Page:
[Editor’s Note: Customer-premises equipment or customer-provided equipment (CPE) is any terminal and associated equipment located at a subscriber’s premises and connected with a carrier’s telecommunication channel at the demarcation point (“demarc”).]

It all comes down to cost. How can we get cost and power utilization down? What tech can we use to be able to point at our satellites? We are excited about the prospect of trying to bring active steering antenna to a mass market. I see our friends from RUAG are here (in the audience). We have done reference work on looking at these different technologies. There is a lot of secret sauce in there but I think ultimately it comes down to how do you make small, cheap chips and then how can you make antennas around that.

[Editor’s Note: The gateway is the other ground component. A gateway or ground station connects the satellite signal to the end user or subscriber terminals. Most satellite systems are comprised of a large number of small, inexpensive user terminals and a small number of gateway earth stations.]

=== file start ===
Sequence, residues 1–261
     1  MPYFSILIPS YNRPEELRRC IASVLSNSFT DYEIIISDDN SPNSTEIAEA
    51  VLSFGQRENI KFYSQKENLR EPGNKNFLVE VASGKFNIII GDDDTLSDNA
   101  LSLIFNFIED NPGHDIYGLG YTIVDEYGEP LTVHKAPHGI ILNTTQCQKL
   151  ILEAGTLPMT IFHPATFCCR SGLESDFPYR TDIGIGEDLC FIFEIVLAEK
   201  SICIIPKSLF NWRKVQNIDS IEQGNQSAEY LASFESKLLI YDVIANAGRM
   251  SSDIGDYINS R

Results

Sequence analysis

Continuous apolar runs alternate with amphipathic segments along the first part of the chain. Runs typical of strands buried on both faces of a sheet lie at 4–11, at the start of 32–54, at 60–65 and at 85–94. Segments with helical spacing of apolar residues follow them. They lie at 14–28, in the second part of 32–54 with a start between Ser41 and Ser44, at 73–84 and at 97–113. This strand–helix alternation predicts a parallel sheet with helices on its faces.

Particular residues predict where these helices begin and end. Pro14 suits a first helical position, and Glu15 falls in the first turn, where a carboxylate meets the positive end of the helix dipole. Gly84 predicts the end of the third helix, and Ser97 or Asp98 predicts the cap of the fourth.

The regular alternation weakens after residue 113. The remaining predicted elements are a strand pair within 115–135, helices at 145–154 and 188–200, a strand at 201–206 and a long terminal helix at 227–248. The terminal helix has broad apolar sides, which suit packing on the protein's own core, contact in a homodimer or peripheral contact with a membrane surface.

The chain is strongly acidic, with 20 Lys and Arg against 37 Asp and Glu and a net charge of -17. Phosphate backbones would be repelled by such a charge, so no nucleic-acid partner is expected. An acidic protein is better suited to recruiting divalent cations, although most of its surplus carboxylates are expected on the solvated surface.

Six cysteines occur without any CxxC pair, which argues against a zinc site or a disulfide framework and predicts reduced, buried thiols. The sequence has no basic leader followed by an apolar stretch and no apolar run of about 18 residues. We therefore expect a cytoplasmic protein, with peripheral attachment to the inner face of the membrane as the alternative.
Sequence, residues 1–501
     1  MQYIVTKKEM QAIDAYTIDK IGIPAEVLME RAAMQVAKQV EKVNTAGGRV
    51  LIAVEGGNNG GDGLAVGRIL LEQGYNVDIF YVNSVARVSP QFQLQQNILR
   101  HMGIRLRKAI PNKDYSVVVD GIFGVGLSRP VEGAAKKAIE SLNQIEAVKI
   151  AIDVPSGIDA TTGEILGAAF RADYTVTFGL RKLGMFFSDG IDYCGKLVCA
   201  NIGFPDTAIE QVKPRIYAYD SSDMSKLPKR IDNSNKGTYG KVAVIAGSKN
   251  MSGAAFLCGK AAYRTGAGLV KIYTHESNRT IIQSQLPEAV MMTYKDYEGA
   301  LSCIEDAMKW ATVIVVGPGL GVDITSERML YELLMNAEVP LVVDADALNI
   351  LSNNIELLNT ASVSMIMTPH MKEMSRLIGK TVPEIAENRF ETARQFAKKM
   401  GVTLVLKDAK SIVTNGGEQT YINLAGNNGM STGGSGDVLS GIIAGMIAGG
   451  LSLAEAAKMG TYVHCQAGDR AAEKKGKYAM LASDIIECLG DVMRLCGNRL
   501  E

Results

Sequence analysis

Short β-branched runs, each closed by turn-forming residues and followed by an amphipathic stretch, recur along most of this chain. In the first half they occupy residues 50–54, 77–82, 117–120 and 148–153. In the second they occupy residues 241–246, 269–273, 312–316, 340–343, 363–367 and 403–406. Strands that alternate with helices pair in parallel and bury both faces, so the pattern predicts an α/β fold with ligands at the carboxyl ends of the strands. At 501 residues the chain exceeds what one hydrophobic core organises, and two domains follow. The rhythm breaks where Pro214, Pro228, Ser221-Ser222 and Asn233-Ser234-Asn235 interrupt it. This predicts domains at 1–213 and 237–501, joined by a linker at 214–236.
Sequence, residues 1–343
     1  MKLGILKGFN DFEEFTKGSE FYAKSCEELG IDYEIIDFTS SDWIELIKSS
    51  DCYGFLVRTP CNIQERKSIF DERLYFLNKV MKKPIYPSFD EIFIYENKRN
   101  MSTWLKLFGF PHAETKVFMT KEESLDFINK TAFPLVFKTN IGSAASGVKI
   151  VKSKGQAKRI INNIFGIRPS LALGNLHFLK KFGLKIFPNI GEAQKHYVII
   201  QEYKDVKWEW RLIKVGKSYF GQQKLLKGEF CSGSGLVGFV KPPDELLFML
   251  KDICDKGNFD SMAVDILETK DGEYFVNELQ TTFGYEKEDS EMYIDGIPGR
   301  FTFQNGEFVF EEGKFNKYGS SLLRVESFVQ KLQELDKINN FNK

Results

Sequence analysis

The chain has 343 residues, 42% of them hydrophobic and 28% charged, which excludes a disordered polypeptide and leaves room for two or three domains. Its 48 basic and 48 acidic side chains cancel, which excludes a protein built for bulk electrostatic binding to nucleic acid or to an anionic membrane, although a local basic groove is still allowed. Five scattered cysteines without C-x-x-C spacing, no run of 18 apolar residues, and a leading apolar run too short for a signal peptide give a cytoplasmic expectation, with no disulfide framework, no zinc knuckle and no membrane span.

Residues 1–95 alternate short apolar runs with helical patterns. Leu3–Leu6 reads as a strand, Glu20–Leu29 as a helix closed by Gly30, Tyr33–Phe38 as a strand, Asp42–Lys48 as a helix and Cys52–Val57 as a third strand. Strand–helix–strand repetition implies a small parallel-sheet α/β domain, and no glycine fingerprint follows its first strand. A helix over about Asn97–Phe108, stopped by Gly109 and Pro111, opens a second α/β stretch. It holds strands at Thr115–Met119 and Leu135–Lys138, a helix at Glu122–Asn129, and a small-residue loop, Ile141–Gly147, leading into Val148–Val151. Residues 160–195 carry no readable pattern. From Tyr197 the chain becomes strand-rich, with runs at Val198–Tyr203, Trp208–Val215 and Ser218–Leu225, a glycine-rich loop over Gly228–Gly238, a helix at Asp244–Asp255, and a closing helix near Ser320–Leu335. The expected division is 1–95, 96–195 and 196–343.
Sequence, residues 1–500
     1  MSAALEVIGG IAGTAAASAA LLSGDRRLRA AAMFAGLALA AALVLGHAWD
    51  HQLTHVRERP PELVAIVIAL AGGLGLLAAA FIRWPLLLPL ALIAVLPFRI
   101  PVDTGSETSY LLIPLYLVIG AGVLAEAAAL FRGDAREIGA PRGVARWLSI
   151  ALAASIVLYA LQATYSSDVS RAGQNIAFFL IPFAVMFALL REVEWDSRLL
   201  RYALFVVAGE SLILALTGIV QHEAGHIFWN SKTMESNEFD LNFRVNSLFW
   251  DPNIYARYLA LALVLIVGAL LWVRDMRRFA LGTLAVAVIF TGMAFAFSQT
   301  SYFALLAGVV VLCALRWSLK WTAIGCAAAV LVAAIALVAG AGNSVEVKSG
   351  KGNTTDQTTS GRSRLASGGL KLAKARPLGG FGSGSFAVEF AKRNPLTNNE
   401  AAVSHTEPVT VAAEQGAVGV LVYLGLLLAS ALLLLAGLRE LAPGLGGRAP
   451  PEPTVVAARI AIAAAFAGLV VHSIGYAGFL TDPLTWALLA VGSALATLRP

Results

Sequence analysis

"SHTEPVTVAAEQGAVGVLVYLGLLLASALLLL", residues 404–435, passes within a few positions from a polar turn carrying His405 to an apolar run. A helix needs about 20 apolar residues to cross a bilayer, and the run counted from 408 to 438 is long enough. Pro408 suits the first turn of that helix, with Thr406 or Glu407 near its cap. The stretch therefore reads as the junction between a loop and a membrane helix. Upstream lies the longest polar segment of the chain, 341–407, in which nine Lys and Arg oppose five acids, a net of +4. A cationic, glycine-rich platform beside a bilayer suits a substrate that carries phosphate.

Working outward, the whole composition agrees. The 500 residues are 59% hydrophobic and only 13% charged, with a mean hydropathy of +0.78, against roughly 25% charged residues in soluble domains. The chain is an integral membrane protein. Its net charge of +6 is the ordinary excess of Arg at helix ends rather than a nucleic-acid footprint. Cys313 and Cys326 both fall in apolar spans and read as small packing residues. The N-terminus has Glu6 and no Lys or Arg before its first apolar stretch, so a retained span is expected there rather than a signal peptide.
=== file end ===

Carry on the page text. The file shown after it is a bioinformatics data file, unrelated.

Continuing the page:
Raman (Co-Moderator): Our final panelist is Michael Pavloff, CTO, RUAG Space with headquarters in Zürich Switzerland)

Payloff: It’s an honor to be here. How many have heard of RUAG? Maybe 30%? That’s not bad. We are a small, specialized version of Boeing based in Switzerland. Also, we have divisions in aviation, defense, cyber security, space, etc. I’m the CTO of the space division. We do launchers, satellite structures, mechanical-thermal systems, communication equipment and related systems. I’m glad we are here to talk about what are the key technology enablers that allow us to do Internet cost effectively in space.